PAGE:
3 Winter Care Tips for Your Indoor Plants


Houseplants are much less resilient indoors during winter months, and so this is the time of year we're most likely to damage our favourite plants with the wrong kind of care. 

But fear not, for below are three handy tips to help you protect your green family over the festive season and keep each one as healthy as possible for another year. 

01 Abandon Your Routine

We're constantly repeating ourselves when we say this, but it really is good advice: avoid watering your plants as a matter of routine. Overwatering is the biggest killer of houseplants, especially in colder months. During the winter, many plants will enter a dormant state in response to decreasing light levels, and therefore require much less water (or no water at all, in the case of cacti and other succulents).

Before watering, stick your finger in the top 5cm / 1 inch of compost, and only water if the soil feels completely dry. Some plants will need more water that others (particularly if some rooms in your home are cooler than others), so individually check each plant's compost to work out which are actually thirsty. 

In the case of desert cacti, you can stop watering entirely until early spring. Do keep watering your Christmas cacti when it feels dry though, as it will continue to flower in autumn and winter months.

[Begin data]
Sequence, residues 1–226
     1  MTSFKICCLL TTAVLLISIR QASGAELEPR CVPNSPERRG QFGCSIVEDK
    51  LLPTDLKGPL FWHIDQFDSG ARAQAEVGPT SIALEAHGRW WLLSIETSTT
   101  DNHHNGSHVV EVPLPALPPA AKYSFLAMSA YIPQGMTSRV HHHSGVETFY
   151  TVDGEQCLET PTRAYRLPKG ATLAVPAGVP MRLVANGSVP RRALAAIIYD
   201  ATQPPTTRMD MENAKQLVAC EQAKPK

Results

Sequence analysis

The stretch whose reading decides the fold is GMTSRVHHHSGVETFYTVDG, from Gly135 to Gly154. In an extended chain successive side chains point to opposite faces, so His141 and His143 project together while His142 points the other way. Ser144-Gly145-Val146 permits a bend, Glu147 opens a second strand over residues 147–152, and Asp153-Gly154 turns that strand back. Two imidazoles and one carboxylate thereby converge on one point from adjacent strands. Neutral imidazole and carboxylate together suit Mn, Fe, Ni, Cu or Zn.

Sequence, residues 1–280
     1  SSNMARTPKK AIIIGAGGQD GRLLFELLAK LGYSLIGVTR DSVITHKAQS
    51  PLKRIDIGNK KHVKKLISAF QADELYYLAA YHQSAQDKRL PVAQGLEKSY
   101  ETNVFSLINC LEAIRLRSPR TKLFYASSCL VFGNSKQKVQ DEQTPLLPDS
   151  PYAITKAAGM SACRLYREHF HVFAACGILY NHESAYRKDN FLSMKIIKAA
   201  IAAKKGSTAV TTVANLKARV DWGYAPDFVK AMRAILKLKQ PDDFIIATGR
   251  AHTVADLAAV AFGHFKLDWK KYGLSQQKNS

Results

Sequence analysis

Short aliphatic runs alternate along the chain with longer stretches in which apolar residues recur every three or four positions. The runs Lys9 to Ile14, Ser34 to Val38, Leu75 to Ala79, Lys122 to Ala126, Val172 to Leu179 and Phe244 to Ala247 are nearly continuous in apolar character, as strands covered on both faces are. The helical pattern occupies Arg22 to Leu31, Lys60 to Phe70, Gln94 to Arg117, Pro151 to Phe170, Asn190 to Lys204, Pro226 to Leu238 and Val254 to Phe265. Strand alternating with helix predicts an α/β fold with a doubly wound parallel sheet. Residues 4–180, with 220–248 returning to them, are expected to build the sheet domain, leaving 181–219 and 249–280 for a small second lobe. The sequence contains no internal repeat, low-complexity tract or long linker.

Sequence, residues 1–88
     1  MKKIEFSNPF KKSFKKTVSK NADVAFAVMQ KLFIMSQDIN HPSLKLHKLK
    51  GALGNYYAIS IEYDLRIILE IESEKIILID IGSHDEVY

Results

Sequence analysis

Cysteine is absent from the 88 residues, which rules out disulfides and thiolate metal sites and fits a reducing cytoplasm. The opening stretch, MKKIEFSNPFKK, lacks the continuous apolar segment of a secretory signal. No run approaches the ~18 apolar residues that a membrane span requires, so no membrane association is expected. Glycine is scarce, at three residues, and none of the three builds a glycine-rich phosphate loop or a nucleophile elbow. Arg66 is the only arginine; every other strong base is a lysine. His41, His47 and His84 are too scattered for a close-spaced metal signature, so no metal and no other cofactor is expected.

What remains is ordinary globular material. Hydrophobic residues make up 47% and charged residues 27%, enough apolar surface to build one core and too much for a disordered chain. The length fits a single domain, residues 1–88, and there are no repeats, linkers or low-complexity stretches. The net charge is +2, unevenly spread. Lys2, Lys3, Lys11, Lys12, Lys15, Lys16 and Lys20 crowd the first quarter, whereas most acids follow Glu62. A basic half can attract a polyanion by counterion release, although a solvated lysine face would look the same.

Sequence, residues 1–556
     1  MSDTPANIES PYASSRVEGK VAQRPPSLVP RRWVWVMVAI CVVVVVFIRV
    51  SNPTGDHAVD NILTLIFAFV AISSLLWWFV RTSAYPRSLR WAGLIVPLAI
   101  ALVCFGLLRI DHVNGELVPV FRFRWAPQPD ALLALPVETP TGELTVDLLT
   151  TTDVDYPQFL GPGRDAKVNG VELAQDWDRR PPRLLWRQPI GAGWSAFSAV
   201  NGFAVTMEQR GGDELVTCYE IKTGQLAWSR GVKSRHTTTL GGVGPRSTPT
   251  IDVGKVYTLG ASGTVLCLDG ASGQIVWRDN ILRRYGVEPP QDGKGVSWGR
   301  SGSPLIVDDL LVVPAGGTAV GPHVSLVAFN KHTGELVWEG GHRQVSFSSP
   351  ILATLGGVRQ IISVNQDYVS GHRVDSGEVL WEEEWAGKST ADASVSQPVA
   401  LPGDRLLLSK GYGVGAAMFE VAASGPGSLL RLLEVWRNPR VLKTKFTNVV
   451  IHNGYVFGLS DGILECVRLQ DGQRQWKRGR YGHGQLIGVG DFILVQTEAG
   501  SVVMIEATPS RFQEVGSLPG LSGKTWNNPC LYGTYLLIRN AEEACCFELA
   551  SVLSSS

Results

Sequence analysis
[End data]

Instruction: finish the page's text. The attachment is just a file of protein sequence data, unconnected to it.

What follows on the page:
02 Keep 'Em Cosy

You ideally want to keep houseplants between 12 - 18⁰C, with as few fluctuations in temperature as possible. Avoid keeping plants next to hot fireplaces and radiators, which can scorch their leaves, or on windowsills, which may get very cold at night. 

The humidity in your home can drop significantly over winter months what with regular blasts of central heating. Sitting plants on a layer of drainage stones within their watering tray will help to provide a reserve of moisture without damaging the plant's roots. You can also group your tropical plants together over winter so help reduce the effects of extreme hot or cold air. 

Look out for brown leaf tips, which can signify too little humidity. 

03 Let There Be Light

With the shorter days of autumn and winter, when sunlight is at its weakest, houseplants can suffer if they are already in a darker corner of your home. If you can, move plants nearer to bright windows or into a conservatory, being wary of draughty spots, of course. 

It can also help to clean plants' leaves to remove any layers of dust or grime that might be preventing as much light to reach their leaves as possible. If you have very little natural light, you can invest in some fluorescent bulbs and position them a foot or two from your plants. 

We hope that helps you, and good luck keeping your plant gang happy over the festive period!

Words by Ro Co, Photography by Erika Raxworthy